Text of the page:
When SEC Day arrives on the Lenten calendar, you are guaranteed three things: 1) Celebrity Blogger Week has come to a close; 2) pancake batter is being prepared in parish kitchens throughout the world; and 3) “Ash Thursday” and the start of Lent Madness draweth nigh. In less than two days, the Madness will kick off with our opening round battle between Stephen and Alban. Did you hear that? Less than two days!
But first, here’s a peek behind the purple curtain of the Supreme Executive Committee, the (more-or-less) benevolent dictatorship that runs Lent Madness.
The Rev. Tim Schenck, the mad scientist behind the creation of Lent Madness, is rector of the Episcopal Parish of St. John the Evangelist in Hingham, Massachusetts, on the South Shore of Boston. He is the author of four books full of humor and faith including most recently Father Tim’s Church Survival Guide (Morehouse 2015) and Dust Bunnies in the Basket: Finding God in Lent & Easter (Forward Movement 2015). Tim writes a monthly syndicated column for Gatehouse Media titled “In Good Faith.” When he’s not tending to his parish, drinking coffee, or blogging at Clergy Confidential, he’s likely hanging out with his family that includes his wife Bryna, two sons Benedict (17) and Zachary (16), his dog Delilah, and a ferret named Mimi. Friend him on Facebook or follow him on Twitter @FatherTim or Instagram. Mimi the ferret has her own Twitter presence, although Tim’s clergy “friends” have not given him the password so Mimi’s sole aim in life is to troll Tim on Twitter.
The Rev. Canon Scott Gunn is a geek of both the church and of technology. He serves as the executive director of Forward Movement in Cincinnati, Ohio, whose mission is to inspire disciples and empower evangelists. Scott is also a Deputy to the Episcopal Church’s General Convention, the ultimate achievement for serious church geeks. Along with the Rev. Melody Shobe, he has written an introduction to Christianity, Faithful Questions: Exploring the Way with Jesus. Though Scott is happily married and the proud owner of a dog named George, he will never, ever have a ferret at home. His blog is Seven whole days, where you’ll read church rants and raves, thoughts about technology, and random musings. You can find him on Facebook, Twitter, Instagram, flickr, or LinkedIn. Scott’s dog George also is online, so follow him on Instagram, Twitter, or Facebook to see the world through the eyes of a yellow lab.
In order to help you better understand what makes the SEC tick, we’ve asked ourselves a few questions…
1. What’s it like to be Supreme?
Tim: Oh, hey, thanks for asking. Not many get to experience such rarified air. Besides the Pope, aka the Supreme Pontiff, and Diana Ross of the Supremes. It can be a heavy burden having the entire world’s Lenten journey resting on your supreme shoulders, but the good news is, there’s no one to contradict your every penitential whim and fancy. Because…supreme.
Scott: One of the biggest challenges is staying neutral. Kind of like the Supreme Court Justices at the State of the Union speech, who can’t crack a smile or give an eye-roll when the President is speaking, we have to be scrupulously neutral during saintly smackdowns. On the other hand, like SCOTUS, we have lifetime appointments and no one can tell us how to run Lent Madness.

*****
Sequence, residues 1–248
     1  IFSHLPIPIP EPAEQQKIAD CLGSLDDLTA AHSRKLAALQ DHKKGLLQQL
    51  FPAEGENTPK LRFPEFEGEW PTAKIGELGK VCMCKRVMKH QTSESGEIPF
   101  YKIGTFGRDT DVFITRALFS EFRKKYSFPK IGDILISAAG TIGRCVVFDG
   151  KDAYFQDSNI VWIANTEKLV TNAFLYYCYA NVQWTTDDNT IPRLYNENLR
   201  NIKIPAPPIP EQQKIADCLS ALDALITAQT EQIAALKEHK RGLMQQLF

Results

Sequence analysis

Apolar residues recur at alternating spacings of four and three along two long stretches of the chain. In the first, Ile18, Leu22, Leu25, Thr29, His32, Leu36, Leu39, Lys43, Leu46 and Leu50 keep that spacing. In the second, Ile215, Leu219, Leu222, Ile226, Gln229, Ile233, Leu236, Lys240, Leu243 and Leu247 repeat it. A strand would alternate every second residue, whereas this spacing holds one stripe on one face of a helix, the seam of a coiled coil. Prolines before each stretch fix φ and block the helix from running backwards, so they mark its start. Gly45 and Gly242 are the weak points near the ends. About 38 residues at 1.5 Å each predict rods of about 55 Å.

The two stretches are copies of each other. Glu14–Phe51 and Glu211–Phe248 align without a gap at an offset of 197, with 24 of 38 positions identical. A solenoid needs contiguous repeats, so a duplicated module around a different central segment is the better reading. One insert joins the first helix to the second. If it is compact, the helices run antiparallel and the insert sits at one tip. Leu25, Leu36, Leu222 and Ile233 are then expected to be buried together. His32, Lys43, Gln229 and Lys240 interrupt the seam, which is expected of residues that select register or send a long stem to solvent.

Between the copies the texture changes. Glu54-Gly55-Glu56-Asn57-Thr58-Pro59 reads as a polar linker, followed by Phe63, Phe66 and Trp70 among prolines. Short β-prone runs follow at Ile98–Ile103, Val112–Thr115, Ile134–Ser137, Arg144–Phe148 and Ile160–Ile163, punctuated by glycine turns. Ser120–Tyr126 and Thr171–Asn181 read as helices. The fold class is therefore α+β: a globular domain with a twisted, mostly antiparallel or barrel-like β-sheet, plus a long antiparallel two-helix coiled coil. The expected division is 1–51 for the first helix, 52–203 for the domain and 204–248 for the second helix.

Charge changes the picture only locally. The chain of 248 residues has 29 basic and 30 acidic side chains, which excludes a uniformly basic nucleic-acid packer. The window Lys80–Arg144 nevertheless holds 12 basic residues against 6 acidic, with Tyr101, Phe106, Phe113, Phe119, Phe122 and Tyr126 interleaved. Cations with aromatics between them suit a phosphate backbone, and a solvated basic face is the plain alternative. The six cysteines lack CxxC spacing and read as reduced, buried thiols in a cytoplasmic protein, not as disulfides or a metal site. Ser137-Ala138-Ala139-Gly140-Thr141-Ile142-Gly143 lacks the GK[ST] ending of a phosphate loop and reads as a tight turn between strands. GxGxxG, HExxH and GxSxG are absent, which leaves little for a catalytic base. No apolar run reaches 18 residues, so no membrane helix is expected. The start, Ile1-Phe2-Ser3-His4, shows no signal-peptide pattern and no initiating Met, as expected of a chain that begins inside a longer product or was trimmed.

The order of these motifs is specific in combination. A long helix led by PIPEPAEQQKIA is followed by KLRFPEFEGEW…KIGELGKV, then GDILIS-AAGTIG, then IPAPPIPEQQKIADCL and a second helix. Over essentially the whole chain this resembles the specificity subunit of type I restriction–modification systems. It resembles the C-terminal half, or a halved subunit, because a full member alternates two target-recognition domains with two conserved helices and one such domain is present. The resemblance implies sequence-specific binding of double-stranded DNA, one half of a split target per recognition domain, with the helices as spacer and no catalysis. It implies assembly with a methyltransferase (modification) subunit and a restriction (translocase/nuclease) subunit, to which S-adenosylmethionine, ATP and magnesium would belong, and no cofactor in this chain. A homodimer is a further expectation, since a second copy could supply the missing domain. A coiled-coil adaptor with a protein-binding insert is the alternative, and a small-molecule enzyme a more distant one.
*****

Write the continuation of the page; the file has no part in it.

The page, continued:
2. How do you manage to work with your archenemesis throughout Lent?
Tim: We all have our crosses to bear. Mine just happens to be Scott. Which is a tall order (#scottistalljoke). But if Jesus could deal with satan out in the wilderness during his time of trial, surely the least I can do is work closely with my archnemesis from Ash Thursday until the Easter proclamation at the Great Vigil. Then all becomes right with the world again.
Scott: Keep your friends close, and your enemies closer; during Lent, work very closely with your archnemesis. The third clause of the famous saying is less well-known but no less true. Other than our love of Jesus and coffee (in that order), Tim and I disagree on nearly everything. So the fact that we manage to pull off Lent Madness together is, like Easter, a sign of God’s love which surpasses human understanding. Of course, the upside is that Lent Madness makes it easy every year to decide my Lenten penance: it’s Tim.
3. Seriously, what do you hope is accomplished by Lent Madness?
Tim: In this eighth (!) year of Lent Madness, the goal remains the same: to help people experience Lent not as a season to “get through” but as a spiritually fruitful time to deepen our relationship with Jesus Christ. This is accomplished both by encountering some incredible people who have served God in their own day and through the online community that develops anew each year. The other goal is to gather together a committed group of people who take their faith, but not themselves, seriously. No, Christianity and joy are not mutually exclusive. Even during Lent.
Scott: I think there are two things I hope for from Lent Madness. First, I hope that this slightly irreverent game allows us all to see how God works in people who are at least as messed up as we are. That’s hopeful for us, right? And second, perhaps for people who have never had a Lenten discipline of any kind, this might serve as the first real observance of a holy Lent. Over time, perhaps folks will find their way into a more serious way of keeping Lent, whilst continuing to play Lent Madness.
And just in case you missed yesterday’s 11th hour edition of Tim and Scott’s “award winning” Monday Madness video commentary, click here.